Guide to Tulum
In recent years Tulum has become so popular with hipsters and increasingly expensive that I almost questioned if I really wanted to go. I mean, isn’t one of the draws of Mexico that it’s so cheap? Though there must be a reason it got so popular right? I think the best way to see a place like to Tulum is to enjoy it for what it is. Yes, places like Casa Malca on Tulum Beach are basically NYC prices but its also insanely interesting and beautiful, like an art piece — and for that you have to pay. Have a wander around the town of Tulum and there are also 50 cent tacos from a cart and margaritas for a couple bucks. I never like to go by other people’s opinions and I have to say I did enjoy my visit to Tulum despite the obvious rich-hippy culture. Maybe I don’t like to admit that I’m part hipster myself! Check out my Guide to Tulum and then go see it for yourself!
Know Before you go
- Tulum is a 1.5 hour drive form Cancun airport.
- You can’t drink the tap water in Mexico in general.
- Learn basic Spanish phrases to help you get by. Buenos Dias! (Good morning) La Cuenta, por favor? (The check, please?)
- There is a wide price range for everything from cocktails and tacos to hotels and activities so you will definitely be able to find options to suit your budget.
- Many establishments in Tulum are cash only , but there are also a couple of spots on the beach that are cashless (how very modern), so make sure you have both payment options. Pesos are the standard currency, but some places may take dollars. However, you usually don’t give the best conversion rate when eating in dollars.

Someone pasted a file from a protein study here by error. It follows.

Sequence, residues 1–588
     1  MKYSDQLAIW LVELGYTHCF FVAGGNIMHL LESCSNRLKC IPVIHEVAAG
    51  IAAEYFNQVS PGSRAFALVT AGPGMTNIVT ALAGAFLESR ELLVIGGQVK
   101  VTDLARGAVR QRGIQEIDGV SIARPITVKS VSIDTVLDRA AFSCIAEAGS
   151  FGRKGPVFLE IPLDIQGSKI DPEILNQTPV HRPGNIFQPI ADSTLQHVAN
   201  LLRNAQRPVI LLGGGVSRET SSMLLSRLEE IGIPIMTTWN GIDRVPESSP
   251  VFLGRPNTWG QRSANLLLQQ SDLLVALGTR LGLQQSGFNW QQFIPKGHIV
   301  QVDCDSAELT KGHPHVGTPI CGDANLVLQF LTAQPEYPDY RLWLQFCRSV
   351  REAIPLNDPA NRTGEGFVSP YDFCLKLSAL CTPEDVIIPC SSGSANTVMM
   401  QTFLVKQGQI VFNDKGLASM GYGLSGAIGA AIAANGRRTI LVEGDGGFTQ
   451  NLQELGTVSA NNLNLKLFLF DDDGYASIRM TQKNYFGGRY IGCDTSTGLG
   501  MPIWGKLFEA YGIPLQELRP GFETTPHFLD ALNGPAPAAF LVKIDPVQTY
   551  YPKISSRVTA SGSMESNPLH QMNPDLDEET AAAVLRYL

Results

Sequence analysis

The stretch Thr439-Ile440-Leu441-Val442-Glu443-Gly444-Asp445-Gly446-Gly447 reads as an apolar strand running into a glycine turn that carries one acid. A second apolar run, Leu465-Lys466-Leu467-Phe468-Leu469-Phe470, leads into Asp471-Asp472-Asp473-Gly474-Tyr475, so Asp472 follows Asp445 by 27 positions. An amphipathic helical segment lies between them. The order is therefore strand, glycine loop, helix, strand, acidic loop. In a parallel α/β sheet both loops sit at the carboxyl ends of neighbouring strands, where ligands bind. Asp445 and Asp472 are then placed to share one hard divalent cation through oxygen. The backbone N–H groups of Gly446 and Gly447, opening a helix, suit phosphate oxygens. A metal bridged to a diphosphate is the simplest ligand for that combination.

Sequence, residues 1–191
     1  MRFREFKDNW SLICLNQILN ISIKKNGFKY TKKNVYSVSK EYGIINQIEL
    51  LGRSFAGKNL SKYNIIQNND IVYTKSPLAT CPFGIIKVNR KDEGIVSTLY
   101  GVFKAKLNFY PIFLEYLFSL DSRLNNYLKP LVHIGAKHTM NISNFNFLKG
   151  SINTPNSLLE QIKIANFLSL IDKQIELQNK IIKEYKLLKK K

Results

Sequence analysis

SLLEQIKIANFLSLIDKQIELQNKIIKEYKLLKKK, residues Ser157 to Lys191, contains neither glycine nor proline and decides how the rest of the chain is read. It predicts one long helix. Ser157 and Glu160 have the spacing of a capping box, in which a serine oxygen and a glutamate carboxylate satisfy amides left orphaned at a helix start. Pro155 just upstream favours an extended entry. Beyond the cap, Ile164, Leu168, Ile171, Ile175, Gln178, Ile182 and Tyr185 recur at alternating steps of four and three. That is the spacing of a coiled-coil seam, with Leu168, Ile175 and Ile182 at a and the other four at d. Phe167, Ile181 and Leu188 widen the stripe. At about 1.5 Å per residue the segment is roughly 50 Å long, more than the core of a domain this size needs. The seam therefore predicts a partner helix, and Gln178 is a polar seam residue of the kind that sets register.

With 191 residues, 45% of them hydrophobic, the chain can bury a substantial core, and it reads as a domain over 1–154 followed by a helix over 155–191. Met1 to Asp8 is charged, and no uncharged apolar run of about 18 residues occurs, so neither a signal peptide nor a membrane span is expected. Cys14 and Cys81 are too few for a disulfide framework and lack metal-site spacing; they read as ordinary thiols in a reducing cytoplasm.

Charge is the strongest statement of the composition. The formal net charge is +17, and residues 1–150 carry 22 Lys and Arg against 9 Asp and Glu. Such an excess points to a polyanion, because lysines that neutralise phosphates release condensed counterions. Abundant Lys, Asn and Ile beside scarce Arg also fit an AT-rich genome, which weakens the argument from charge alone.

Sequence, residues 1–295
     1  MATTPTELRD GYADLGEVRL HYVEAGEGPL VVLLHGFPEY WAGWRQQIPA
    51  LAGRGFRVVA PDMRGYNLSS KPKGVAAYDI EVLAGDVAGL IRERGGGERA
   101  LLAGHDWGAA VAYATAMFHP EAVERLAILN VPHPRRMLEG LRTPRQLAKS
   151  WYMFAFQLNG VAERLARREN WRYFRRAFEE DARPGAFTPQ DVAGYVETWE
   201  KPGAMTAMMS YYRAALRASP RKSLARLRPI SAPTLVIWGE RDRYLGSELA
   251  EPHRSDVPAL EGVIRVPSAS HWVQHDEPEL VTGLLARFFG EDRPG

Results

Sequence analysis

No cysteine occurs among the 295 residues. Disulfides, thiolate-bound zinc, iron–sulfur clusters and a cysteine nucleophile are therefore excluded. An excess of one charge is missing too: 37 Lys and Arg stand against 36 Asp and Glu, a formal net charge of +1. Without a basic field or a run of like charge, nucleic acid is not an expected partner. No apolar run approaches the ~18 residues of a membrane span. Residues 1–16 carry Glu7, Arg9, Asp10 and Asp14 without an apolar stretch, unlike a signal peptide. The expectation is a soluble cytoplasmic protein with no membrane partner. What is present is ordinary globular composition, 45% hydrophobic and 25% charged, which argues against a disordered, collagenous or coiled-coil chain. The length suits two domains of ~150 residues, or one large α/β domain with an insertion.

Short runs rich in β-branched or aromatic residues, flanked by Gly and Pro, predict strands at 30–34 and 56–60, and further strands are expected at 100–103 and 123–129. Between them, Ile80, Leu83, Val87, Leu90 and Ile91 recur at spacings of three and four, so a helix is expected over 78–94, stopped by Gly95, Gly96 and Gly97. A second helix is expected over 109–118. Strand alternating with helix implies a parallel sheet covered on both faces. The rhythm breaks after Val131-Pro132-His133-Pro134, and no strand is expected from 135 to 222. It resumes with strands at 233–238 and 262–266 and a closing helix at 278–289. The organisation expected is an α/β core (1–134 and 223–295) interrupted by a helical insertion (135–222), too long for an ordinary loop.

When to Go
I went in October and we had great weather with very very little crowds- even on Colombus day weekend!
December -April is peak season with March being the busiest.
May-Septmber is rainy season.
October- Early December is cooler and less crowded with good deals.
The best airport to fly into is Cancun Airport. Tulum is then a 1.5 hour drive.
Bus– Take an ADO Bus to Tulum or take an ADO bus to playa del Carmen and switch there. There is an ADO bus kiosk as you exit the airport and they will answer any questions you have.
Private Car – Also plenty of stands as you exit the airport to get quotes from. Always agree the fare before the joinery. We paid around $75 one way.
You might want to prebook your transfer if you’re going in high season.
- Taxi- We never had a problem finding a taxi. They seemed to frequently drive by. Confirm the price of fare before getting in the taxi to assure you aren’t being ripped off. They are not cheap but also not the most I’ve ever paid. A taxi from town to the beach was costing about $7.
- Uber– There is NO UBER in Tulum although it is highly used in other places in Mexico
- Car Rental – if there are only a couple of you on the trip renting a car might be more cost efficient than paying for taxis all the time.
- Parking– available in town and on the beach. If you are going to a particular hotel or restaurant they have their own lots but there are also lots not associated with a hotel
- Collectivo Bus – (the cheapest option) a bus that goes to the beach from town and is very cheap but then you are depending on bus timing. It only runs once an hour and is often ful
Where to Stay
Tulum is split up into Tulum Town and Tulum Beach. There are pros and cons to each which I compare below. A bike ride between the 2 is about 35-45 minutes.
Town Vs. Beach
Tulum town is typically cheaper on all fronts such as food and hotels. There is also easier access to other activities, the bus stations, grocery stores, etc. Staying in Tulum town may give you a more authentic Mexican experience.
Tulum Beach aka hipster heaven is where most of the trendy hotels, restaurants, spas are. Most of the places here are quite pricy, but I mean who doesn’t like waking up to the sound of the ocean? If you will be having more chill time and less time exploring the surrounding areas the beach may be a better option.
I stayed in the town this time but if I was there for longer I might do a few nights on the beach and a few nights in the town.